Evaluating Information Systems Effectiveness -- Part I: Comparing Evaluation Approaches

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Abstract

While the sue and costs of Management Information Systems (MIS) have become highly visible, little attention has been paid to assessing and communicating system effectiveness. Evaluation of system effectiveness is difficult due to its multidimensionality, its qualitative and quantitative aspects, and the multiple, and often conflicting, evaluator viewpoints.

This article provides an overview of what system effectiveness means and how it should be measured. It is the first of two articles to appear in consecutive issues of the MIS Quarterly. Starting with a definition of system effectiveness, this article examines evaluation of system effectiveness in terms of a conceptual hierarchy of system objectives. The hierarchy is used to discuss problems in, and recommendations for, evaluating system effectiveness, and to compare MIS evaluation approaches. The second article characterizes and compares the evaluator viewpoints on system effectiveness for decision makers in several functional groups involved in MIS implementation – user, MIS, internal audit, and management. The second article recommends several MIS evaluation approaches for incorporating multiple dimensions and multiple evaluator viewpoints into evaluations of information system effectiveness.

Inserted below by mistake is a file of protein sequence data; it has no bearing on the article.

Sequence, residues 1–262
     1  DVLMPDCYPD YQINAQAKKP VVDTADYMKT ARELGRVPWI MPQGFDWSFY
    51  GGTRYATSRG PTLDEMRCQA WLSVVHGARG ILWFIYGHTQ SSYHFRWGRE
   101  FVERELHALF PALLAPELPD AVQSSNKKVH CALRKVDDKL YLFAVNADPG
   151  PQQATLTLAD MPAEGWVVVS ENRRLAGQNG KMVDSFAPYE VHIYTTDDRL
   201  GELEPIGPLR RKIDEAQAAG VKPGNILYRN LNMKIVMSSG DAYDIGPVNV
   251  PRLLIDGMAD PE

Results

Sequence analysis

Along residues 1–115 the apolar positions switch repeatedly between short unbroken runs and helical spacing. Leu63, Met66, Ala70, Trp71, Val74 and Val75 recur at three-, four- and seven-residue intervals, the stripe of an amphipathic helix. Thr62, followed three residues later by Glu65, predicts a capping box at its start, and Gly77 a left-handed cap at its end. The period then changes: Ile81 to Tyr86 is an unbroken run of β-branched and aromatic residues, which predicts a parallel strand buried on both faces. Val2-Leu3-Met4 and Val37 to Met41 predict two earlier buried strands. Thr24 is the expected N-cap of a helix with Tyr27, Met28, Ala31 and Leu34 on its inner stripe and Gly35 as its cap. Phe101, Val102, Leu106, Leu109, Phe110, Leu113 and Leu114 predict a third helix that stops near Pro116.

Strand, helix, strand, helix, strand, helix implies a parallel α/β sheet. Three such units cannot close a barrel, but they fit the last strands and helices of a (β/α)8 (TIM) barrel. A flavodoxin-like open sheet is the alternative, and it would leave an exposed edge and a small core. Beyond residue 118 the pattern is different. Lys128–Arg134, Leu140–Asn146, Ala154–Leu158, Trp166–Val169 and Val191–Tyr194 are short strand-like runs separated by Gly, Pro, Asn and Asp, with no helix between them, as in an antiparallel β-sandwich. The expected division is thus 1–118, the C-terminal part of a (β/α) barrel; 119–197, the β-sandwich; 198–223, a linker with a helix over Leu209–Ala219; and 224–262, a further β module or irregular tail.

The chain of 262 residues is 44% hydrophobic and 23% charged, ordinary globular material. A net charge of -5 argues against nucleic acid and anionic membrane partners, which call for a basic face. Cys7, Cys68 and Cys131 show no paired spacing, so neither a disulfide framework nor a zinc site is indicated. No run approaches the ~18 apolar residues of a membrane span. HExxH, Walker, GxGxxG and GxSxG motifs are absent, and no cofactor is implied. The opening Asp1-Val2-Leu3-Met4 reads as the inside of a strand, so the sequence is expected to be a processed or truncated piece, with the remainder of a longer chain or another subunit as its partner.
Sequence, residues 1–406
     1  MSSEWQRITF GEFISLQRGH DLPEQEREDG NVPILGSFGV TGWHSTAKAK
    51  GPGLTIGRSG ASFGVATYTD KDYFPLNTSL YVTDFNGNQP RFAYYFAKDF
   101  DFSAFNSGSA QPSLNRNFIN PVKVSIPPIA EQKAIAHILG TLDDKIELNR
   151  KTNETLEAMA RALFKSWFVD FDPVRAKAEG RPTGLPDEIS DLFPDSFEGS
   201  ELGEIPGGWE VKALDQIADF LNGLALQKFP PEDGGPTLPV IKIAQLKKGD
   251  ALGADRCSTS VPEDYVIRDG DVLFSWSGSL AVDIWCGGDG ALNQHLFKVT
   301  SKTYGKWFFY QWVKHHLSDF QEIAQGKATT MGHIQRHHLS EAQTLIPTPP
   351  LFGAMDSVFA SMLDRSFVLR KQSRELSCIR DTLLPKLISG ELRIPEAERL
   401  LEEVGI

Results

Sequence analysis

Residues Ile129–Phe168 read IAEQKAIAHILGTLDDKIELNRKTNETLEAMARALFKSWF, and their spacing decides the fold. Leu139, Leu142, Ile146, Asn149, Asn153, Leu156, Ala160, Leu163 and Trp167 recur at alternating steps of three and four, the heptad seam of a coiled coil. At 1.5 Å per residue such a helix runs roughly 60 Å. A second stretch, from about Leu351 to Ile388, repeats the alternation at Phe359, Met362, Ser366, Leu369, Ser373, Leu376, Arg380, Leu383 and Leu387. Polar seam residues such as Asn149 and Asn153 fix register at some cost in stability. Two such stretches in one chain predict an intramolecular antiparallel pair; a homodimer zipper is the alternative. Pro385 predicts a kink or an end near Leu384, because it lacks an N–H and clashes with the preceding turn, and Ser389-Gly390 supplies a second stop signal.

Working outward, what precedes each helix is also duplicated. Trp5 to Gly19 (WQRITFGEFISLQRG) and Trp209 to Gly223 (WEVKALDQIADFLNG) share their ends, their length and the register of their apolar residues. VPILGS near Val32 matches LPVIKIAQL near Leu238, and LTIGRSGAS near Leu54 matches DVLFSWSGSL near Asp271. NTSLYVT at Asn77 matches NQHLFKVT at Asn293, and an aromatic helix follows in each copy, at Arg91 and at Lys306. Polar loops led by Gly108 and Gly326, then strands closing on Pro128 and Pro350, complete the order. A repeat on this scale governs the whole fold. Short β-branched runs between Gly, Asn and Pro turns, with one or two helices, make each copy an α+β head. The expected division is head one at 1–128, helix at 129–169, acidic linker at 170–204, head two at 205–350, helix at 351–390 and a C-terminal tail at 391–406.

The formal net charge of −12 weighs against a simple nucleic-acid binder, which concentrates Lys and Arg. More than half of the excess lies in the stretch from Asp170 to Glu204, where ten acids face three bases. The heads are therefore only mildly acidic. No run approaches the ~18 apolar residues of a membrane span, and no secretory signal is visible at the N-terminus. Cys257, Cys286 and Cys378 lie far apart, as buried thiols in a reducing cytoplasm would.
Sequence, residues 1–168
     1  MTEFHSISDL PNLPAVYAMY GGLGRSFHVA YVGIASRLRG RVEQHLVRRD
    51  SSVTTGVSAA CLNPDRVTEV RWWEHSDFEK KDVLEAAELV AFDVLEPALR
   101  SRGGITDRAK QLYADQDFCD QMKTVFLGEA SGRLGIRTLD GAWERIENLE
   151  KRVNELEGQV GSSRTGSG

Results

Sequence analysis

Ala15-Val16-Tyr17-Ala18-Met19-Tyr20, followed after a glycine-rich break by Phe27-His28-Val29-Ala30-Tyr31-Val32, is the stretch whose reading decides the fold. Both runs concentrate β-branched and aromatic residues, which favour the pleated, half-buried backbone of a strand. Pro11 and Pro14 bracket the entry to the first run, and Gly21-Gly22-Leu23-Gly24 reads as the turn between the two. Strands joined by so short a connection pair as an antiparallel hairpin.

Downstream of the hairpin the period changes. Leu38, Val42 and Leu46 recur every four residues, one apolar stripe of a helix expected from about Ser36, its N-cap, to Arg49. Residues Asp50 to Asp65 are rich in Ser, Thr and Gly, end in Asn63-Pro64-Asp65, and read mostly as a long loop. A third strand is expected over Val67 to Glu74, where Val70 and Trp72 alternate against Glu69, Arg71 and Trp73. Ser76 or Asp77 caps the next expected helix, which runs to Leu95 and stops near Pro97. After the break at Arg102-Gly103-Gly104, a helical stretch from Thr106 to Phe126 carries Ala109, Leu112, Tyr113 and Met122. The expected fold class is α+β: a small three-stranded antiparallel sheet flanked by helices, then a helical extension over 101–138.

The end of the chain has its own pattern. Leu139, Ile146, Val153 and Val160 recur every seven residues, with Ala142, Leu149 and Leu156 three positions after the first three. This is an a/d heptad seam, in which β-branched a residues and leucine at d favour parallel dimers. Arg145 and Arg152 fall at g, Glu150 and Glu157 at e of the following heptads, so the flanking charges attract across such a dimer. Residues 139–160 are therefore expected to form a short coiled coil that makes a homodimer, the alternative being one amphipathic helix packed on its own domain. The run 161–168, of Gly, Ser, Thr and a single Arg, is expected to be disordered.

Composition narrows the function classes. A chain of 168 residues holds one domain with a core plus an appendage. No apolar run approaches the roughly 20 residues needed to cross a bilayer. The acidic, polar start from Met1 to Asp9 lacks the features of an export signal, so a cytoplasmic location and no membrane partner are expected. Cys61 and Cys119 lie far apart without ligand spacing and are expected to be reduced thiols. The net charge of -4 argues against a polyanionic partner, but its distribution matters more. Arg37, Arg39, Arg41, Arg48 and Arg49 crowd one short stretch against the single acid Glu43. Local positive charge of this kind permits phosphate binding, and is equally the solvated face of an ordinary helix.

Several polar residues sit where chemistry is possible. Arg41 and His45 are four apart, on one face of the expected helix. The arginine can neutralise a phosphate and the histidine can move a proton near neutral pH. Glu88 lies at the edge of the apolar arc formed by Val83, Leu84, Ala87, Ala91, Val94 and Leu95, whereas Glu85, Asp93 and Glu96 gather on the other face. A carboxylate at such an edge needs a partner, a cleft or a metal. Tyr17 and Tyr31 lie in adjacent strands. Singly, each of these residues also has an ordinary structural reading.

Additional Details

Author Scott Hamilton and Norman L. Chervany
Year 1981
Volume 5
Issue 3
Keywords Management information systems, MIS, evaluation
Page Numbers 55-69